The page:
A scathing audit of Baltimore City Public Schools’ pupil transit office said a lack of district leadership and oversight contributed to “an accumulation of errors” that led to a November 2016 bus crash that left six people dead.
“A systemic absence of leadership over an extended period of time is the culprit,” said the audit by School Bus Consultants, a Missouri-based firm.
The company was hired to review the district’s pupil transportation office after the fatal accident. A driver whose company was under contract to the district, Glenn Chappell, 67, had a history of seizures and had been involved in at least 12 crashes over the course of five years.
He was driving an empty school bus in Southwest Baltimore on Nov. 1, 2016, when he crashed into a car and a Maryland Transit Administration bus. Chappell was killed, along with the driver of the other bus and four passengers.
“The school bus involved was being operated under contract to the BCPS who, as an organization, failed to provide the single, cohesive, and robust system that is necessary to prevent an accumulation of errors, or to provide due diligence over the systems that it does have in place,” the audit said.
“It is this primary finding that allowed a school bus driver with a disqualifying medical condition to move from employer to employer, never staying long at any one, but never once being rejected for employment at any employer who was in the business of providing service to the BCPS,” the School Bus Consultants report said. “The accumulation of errors resulting in this tragic incident occurred due to issues within the organization and operations of the Baltimore City Public Schools Office of Pupil Transportation.”
The consulting firm cited vacancies and high turnover in the pupil transit office as limiting its ability to perform critical oversight of contractors — problems that the report, dated Jan. 31, said had not been rectified.
“Even after the tragic events of November 2016,” the audit said, “no apparent changes were made to organizational structure or operating practices to mitigate the risk of a similar subsequent event occurring.”
The audit said the problems go well beyond the transportation office.
“Of particular note at the outset is the absence of any School Board policy or regulation that addresses transportation service,” the audit said. “This is a remarkable and disturbing finding.”
The consultants said the district failed to adequately monitor the records of problem bus drivers such as Chappell.
“The responsible driver in the November 1, 2016 crash, over several years of driving a school bus, continued to deceive all of the BCPS contractors for whom he worked,” the audit said. “The contracted employer and BCPS failed to fully understand his medical conditions or to disqualify him from transporting BCPS students. It is apparent that at several points in time, contracted operators and BCPS simply failed in their duty to find errors in this driver’s documentation.”
The consultants criticized the oversight of contractors, saying there appeared to be no “formal management plan that would tell the district the who, what, when, why and how of the contractors’ operations relative to their contractual requirements.”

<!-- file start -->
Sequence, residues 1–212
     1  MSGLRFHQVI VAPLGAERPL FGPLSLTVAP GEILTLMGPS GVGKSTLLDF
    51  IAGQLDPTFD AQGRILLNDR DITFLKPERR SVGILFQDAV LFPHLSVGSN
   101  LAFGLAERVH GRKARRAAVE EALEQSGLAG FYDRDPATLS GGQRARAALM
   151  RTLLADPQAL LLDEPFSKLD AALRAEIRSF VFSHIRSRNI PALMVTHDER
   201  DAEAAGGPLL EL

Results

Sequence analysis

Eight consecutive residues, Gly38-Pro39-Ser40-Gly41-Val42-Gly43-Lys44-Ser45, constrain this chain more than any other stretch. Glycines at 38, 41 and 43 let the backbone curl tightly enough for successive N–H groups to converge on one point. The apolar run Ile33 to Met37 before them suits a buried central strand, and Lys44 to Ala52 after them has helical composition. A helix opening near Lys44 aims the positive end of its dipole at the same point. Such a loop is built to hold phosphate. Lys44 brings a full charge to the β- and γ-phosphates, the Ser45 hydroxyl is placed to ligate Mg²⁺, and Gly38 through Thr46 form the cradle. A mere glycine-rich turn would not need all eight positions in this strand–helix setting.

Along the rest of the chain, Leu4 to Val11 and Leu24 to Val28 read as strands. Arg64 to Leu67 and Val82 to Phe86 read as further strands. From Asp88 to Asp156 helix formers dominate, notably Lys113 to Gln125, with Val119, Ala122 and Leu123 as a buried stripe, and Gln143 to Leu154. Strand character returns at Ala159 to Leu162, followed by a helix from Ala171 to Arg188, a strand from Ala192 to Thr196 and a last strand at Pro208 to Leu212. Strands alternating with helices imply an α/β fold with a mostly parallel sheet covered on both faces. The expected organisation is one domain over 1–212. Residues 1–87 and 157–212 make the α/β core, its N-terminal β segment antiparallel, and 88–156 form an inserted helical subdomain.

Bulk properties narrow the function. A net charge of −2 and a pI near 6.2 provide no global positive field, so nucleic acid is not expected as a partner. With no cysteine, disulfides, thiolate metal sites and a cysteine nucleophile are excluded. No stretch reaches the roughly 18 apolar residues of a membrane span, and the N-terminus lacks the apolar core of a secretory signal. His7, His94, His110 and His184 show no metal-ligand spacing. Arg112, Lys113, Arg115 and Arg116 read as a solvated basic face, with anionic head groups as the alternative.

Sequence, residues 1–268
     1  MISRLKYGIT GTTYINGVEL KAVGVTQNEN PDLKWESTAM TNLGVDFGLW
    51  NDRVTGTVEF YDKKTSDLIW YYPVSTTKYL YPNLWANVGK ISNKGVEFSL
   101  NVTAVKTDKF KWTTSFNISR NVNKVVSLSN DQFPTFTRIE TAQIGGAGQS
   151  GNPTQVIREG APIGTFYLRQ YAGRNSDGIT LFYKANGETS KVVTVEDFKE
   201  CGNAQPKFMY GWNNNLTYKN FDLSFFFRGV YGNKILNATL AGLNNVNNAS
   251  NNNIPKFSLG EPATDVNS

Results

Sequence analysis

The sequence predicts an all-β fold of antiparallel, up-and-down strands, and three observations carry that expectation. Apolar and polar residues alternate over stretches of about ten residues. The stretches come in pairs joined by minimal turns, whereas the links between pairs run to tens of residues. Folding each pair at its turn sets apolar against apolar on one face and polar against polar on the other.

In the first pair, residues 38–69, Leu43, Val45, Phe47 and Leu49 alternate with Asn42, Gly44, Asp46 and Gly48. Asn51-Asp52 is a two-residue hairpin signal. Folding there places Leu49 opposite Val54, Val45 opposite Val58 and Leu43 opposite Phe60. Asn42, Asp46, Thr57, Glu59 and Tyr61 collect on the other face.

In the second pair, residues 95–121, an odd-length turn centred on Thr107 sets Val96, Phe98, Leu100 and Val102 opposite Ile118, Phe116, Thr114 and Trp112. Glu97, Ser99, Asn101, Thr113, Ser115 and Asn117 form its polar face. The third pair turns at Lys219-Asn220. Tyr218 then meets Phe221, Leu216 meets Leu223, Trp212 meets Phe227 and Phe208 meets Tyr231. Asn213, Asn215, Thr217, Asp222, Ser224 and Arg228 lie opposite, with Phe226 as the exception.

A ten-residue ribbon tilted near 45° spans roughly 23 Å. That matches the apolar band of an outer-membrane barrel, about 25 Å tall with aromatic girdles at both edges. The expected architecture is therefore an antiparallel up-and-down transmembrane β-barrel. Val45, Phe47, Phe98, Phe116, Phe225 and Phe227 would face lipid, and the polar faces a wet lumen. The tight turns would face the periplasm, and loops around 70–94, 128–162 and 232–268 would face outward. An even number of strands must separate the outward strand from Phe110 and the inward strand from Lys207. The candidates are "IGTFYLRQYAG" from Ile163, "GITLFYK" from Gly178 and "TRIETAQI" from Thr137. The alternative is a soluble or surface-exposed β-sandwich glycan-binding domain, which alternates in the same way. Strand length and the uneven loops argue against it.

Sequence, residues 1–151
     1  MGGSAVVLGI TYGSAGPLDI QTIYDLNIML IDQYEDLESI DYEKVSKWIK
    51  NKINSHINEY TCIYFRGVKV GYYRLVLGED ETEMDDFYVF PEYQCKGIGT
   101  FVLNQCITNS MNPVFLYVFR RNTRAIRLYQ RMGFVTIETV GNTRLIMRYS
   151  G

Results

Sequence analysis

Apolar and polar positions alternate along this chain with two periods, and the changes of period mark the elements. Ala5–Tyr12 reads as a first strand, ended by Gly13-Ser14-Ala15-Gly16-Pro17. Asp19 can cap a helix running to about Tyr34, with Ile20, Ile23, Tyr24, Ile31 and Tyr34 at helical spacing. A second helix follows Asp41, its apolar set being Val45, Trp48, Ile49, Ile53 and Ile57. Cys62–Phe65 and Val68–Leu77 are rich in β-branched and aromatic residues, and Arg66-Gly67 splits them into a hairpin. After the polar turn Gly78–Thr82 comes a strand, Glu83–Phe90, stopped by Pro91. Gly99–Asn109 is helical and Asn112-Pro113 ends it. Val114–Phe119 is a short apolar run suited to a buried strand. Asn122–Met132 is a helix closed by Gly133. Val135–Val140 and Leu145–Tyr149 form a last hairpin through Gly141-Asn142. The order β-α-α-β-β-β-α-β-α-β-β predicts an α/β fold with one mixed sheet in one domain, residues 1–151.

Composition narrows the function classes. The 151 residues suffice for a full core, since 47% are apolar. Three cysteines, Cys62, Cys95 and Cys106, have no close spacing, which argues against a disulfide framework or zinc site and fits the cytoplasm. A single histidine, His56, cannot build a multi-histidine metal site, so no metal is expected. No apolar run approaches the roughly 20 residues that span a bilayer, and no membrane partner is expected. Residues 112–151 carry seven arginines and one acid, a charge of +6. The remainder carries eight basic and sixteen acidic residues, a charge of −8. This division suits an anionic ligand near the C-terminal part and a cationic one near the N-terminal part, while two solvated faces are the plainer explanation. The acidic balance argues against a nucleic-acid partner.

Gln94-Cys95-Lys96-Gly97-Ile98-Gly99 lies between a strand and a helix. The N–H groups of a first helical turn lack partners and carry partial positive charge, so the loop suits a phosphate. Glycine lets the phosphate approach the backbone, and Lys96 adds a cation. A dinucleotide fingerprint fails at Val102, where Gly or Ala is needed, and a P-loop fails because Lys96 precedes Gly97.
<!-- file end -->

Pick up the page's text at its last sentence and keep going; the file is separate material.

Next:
The audit cited “a large gap between what is expected of vendors, as documented in contract, and what actually happens operationally... This is an untenable set of circumstances which, when coupled with the absence of a formal compliance monitoring program, can lead directly to lapses in record-keeping, compliance, and associated failures.”
School officials said Friday in a prepared statement that the school system has already made changes that address shortcomings cited in the audit.
“While City Schools has always had a process for monitoring driver certification, immediately after the November 2016 accident, the district reviewed all protocols and implemented additional monitoring steps to ensure the fitness to drive of all drivers, including both those directly employed and those employed by contracted transportation providers,” the statement said.
Spokeswoman Edie House Foster declined to comment beyond the written statement, which also noted that the district has a new director of pupil transportation and that it has revised procedures to “reflect current industry standards.”
Chappell had a history of hypertension, diabetes and seizures, according to the National Transportation Safety Board, conditions that could disqualify a person from operating a commercial motor vehicle under state and federal law. He drove for AAAfordable Transportation, and the school system terminated its contract with the company three weeks after the crash.
The consultants said the district’s use of technology is “deficient and contributes to the circumstances enabling incidents such as occurred in November 1, 2016.”
Bus routing was done using electronic spreadsheets rather than routing software, for example, GPS tracking and video monitoring are not routinely utilized, and accident records are tracked and stored in a combination of paper files and electronic spreadsheets, the audit said.
“Leveraging technology to improve transparency and increase management effectiveness is largely absent in current BCPS transportation operations,” the audit concluded.
According to the district’s statement, “Beginning this summer, the GPS technology already in all buses will be leveraged to allow recording of which students are on which buses at any given time.”